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Avoid These Words and Phrases in Your Academic Writing


When writing an academic essay, thesis, or dissertation, your professor or advisor usually gives you a rubric with detailed expectations to guide you during the process. While the rubric will identify the major requirements for the paper, it will probably not tell you what words or phrases you need to avoid. Whether you want to earn a stellar grade on your next paper or you're hoping to get published in an academic journal, keep reading to discover words and phrases you need to avoid in your academic writing.

"A great deal of"

I encounter the phrase a great deal of in most academic papers that I edit. Avoid using this vague phrase, because your academic writing should be specific and informative. Instead of saying a great deal of, provide exact measurements or specific quantities.

"A lot"

Similar to the previous phrase (a great deal of), a lot is too vague and informal for an academic paper. Use precise quantities instead of this overly general phrase.


Avoid using the word always in your academic writing, because it can generalize a statement and convey an absolute that might not be accurate. If you want to state something about all the participants in your study, use specific language to clarify that the statement applies to a consistent action among the participants in your study.


It is almost a cliché to tell you to avoid clichés, but it is an essential piece of writing advice. Clichés are unoriginal and will weaken your writing. In academic writing, using clichés will erode your credibility and take away from all the research and hard work you have put into your project.

What qualifies as a cliché? According to, A cliché is an expression, idea, or action that has been overused to the point of seeming worn out, stale, ineffective, or meaningless. Your words should be original, carry meaning, and resonate with your readers, and this is especially important for academic writing. Most clichés have been used so frequently in so many different contexts that they have lost their meaning. To eliminate clichés, scan your paper for any phrases that you could type into an internet browser and find millions of search results from all different topic areas. If you are unsure if your favorite phrases are overused clichés, consult this Cliché List for a comprehensive list.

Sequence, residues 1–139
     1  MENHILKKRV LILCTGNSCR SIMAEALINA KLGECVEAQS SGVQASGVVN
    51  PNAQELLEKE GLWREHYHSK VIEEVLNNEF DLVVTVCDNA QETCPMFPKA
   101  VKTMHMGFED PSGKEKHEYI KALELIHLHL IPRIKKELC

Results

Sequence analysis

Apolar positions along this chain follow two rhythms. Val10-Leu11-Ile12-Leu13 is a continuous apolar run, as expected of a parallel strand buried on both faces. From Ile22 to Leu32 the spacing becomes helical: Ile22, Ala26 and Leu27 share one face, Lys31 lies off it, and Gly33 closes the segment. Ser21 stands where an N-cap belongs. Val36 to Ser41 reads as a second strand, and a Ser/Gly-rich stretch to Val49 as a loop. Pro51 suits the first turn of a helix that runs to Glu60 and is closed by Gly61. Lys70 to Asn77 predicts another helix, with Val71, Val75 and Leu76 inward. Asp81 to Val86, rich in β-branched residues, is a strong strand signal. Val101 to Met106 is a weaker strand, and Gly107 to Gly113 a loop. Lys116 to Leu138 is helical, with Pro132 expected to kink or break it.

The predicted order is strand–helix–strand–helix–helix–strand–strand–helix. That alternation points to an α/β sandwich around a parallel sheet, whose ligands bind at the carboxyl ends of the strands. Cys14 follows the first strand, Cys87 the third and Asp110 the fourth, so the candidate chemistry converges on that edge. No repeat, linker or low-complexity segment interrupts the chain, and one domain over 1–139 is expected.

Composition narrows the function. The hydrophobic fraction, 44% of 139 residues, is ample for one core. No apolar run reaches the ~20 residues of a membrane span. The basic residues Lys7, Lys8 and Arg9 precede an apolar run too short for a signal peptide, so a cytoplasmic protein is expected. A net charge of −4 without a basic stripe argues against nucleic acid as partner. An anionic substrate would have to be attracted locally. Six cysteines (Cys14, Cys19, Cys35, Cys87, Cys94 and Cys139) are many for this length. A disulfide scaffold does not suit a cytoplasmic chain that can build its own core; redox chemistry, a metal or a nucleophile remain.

Academic writing should be formal and professional, so refrain from using contractions. offers the following advice regarding contractions: Contractions such as isn't, couldn't, can't, weren't, he'll, they're occur chiefly, although not exclusively, in informal speech and writing. They are common in personal letters, business letters, journalism, and fiction; they are rare in scientific and scholarly writing. Contractions occur in formal writing mainly as representations of speech. When you proofread your paper, change any contractions back to the original formal words.

Double negatives

Double negatives will confuse your readers and dilute the power of your words. For example, consider the following sentence:

"He was not unwilling to participate in the study."

The word not and the prefix un- are both negatives, so they cancel each other out and change the meaning of the sentence. If you want to convey that someone reluctantly participated in the study, express that clearly and explicitly.


The abbreviation etc. is short for the Latin word et cetera, which means and others; and so forth; and so on. specifies that etc. is used to indicate that more of the same sort or class might have been mentioned, but for brevity have been omitted. I discourage writers from using etc. in academic writing, because if you are writing an academic paper, you are writing to share information or scholarly research, and you are not conveying any new information with the abbreviation etc. Instead of writing etc., explicitly state the words or list that you are alluding to with your use of etc. If you absolutely must use etc., make sure you only use it if readers can easily identify what etc. represents, and only use etc. at the end of lists that are within parentheses.

"For all intents and purposes" and "for all intensive purposes"

These two phrases are often used interchangeably, but you should avoid both of them in your academic writing. Avoid the second phrase in all of your writing: For all intensive purposes is an eggcorn (a word or phrase that is mistakenly used for another word or phrase because it sounds similar). For all intents and purposes is generally a filler phrase that does not provide any new information, so you can usually omit it without replacing it.